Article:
#MeToo: Send letters to your legislators, Chinese activists urge

Gender equality activists in China are calling on people from all over the country to send letters to legislators in Beijing calling for a new law against sexual harassment.

“People from across the whole country who wish to establish a national mechanism to fight sexual harassment should start sending letters to your legislators,” urges an article by the WeChat account @genderequality. The campaign is timed to coincide with the upcoming National People’s Congress, which takes place in March each year.

The #MeToo movement in China has encouraged many victims to speak up, particularly in 2018, when lawyers, journalists, feminists and activists worked together to expose sexual harassment cases against powerful men in media, civil society and academia. However, the activists organising the current letter-sending campaign argue that a national legal framework to define, prevent and sanction sexual harassment in the workplace, in public transport and in academic institutions, is still lacking.

In its sample letter to legislators, @genderequality points out that in the past few years there have been some encouraging improvements to China’s legal system. For example:

  • In 2005, the term “sexual harassment” was included for the first time in an amendment to the Law on the Protection of Women’s Rights and Interests. Article 40 of the amended law stipulates that “Sexual harassment against women is a violation of law, (women) victims have the right to file their case in the workplace and with relevant authorities.”
  • In 2011, Article 11 of the Outline for the Development of Women highlighted that “a comprehensive legal and administrative mechanism to prevent and stop sexual harassment will be established to strengthen the fight against sexual harassment practices.”
  • In 2012, the Special Rules on the Labour Protection of Female Employees stipulated in Article 11 that “Employers have to prevent and stop sexual harassment against female staff at the workplace.”

The common characteristic shared by these legislative efforts however is the lack of a clear definition of what actually constitutes sexual harassment. This means that many lawsuits are dismissed by the courts if the victim comes forward. The current campaign seeks to bring this deficiency in China’s civil and penal legal frameworks to the attention of legislators.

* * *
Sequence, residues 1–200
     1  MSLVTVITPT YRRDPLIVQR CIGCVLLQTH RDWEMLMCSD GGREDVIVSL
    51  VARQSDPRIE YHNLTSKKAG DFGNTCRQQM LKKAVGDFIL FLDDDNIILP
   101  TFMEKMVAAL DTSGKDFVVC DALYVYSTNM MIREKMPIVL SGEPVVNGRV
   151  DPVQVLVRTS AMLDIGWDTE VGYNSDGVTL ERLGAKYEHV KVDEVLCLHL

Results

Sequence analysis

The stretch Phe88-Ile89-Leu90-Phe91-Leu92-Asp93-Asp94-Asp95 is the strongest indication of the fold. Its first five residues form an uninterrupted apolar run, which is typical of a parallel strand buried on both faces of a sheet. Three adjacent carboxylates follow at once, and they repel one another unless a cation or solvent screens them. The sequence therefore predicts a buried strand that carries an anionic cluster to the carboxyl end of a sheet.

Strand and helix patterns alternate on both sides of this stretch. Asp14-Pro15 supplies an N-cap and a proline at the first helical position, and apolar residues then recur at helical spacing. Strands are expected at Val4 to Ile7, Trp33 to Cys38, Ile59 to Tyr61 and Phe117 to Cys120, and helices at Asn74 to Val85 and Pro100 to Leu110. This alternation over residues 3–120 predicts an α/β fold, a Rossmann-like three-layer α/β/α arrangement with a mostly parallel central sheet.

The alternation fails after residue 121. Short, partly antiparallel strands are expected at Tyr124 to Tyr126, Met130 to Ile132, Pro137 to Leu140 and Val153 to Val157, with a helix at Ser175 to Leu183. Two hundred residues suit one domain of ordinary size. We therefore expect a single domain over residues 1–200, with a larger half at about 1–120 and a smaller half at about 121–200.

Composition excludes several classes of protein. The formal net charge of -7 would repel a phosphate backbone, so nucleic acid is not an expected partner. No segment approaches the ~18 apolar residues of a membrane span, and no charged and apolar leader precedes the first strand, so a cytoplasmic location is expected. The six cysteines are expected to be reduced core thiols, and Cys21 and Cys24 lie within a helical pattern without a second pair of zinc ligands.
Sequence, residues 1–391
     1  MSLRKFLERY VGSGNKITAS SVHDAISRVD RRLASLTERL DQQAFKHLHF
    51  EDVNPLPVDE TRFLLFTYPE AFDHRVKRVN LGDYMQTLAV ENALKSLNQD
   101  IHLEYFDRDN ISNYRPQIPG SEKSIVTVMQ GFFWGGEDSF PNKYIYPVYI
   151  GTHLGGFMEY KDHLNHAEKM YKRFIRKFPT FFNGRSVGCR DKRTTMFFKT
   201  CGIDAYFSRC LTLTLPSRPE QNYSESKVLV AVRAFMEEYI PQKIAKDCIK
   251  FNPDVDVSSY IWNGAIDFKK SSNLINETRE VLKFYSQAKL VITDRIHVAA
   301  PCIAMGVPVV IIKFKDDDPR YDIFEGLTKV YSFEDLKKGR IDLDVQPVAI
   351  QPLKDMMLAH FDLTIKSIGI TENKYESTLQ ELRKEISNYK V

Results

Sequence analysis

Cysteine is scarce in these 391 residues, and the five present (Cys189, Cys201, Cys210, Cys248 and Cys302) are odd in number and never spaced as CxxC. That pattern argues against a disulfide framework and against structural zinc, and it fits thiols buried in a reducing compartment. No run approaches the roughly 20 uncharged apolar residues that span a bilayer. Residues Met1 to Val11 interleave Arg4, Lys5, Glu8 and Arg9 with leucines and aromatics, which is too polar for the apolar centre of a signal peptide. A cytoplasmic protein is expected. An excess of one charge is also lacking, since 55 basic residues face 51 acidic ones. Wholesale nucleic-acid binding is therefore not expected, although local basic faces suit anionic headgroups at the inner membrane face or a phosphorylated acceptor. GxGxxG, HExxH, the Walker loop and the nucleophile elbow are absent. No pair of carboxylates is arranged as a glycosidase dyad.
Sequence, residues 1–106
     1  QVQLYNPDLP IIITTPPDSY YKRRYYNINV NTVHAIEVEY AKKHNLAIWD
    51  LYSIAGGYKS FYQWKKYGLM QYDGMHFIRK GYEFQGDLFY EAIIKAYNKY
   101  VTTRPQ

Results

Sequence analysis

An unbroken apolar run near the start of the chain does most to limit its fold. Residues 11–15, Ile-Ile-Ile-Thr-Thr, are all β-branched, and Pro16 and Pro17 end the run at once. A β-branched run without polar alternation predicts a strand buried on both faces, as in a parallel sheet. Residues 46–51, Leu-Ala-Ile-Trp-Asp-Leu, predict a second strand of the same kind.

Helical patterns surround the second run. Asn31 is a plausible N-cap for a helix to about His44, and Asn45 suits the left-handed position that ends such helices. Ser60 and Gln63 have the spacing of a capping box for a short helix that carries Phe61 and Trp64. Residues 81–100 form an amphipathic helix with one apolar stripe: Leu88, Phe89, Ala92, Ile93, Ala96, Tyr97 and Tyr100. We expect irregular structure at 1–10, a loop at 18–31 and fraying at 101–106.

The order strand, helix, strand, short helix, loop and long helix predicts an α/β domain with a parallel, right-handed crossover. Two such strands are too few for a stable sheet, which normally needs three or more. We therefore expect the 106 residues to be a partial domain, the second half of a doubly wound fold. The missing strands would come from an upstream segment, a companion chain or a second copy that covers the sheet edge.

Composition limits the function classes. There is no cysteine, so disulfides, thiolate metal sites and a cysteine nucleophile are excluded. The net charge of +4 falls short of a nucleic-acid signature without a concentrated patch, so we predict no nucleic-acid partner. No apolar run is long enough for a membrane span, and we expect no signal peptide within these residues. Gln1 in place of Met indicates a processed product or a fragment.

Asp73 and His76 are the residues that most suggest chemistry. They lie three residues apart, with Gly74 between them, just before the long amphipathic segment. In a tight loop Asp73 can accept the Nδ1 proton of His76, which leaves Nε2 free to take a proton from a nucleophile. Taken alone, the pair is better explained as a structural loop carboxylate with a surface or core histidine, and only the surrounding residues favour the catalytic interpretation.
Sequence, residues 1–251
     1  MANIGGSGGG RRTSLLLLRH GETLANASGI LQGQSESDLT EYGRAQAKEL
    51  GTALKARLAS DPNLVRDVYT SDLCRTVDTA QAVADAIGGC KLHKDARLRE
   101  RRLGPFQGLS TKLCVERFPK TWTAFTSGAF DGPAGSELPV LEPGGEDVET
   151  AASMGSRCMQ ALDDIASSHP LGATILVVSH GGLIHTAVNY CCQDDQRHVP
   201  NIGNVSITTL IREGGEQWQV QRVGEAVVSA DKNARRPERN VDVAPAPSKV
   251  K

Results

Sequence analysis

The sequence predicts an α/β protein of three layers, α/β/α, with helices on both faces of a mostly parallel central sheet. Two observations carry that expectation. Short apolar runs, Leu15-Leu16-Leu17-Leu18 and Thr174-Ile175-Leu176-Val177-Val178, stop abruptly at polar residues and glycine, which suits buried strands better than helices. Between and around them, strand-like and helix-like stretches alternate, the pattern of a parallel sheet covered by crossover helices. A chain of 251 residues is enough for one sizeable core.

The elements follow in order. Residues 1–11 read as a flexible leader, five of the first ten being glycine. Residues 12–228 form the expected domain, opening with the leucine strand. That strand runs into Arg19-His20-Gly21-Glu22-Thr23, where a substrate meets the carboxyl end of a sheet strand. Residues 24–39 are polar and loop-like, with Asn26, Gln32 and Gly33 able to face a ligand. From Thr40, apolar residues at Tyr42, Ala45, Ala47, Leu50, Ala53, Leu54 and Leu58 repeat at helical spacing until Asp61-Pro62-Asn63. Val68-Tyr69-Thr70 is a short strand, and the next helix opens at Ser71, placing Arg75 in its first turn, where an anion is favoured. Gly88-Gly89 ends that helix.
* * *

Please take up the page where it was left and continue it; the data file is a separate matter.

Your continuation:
“The #MeToo movement has helped more and more victims of sexual harassment to step forward and tell their story,” argues @genderequality, but then stresses that “a national mechanism to fight sexual harassment has not yet been established,” which in the end results in “victims being left defenceless and perpetrators unpunished.”

With regard to the specifics on how to deal with sexual harassment cases at the workplace, the sample letter to legislators stresses the importance of defining and classifying sexual harassment, and conduct trainings to increase general awareness as well as encouraging staff to come forward if they believe they have been subject to sexual harassment. The letter also emphasises the importance of establishing clear procedures for filing complaints which simultaneously protect the victim from retaliation and stipulate processing timeframes, as well as punishment for the perpetrator including but not limited to suspension of duty.

In spite of intensified online censorship, discussion of sexual harassment and gender inequality in China remains a hot topic. The reason is simple: the sheer volume of cases accumulated through the years pushes victims of workplace gender discrimination and sexual harassment, who have no other avenue for redress, to voice their complaints on social media.

A recent research report estimates that as much as 15 percent of urban women in China aged between 20 to 64-years-old have been sexually harassed at some point in their lives. The proportion of victims surges to 70 percent when looking at the particular demographic group of migrant women factory workers, according to a 2013 study conducted in Guangdong.

The @genderequality article concludes on a personal note:

Sexual harassment is common at the workplace, academic institutions and public transportation; I am a victim of sexual harassment, as such I have suffered the sense of powerlessness when seeking support for my case. I am deeply aware of the strong gender discrimination and gender oppression behind this social phenomenon.

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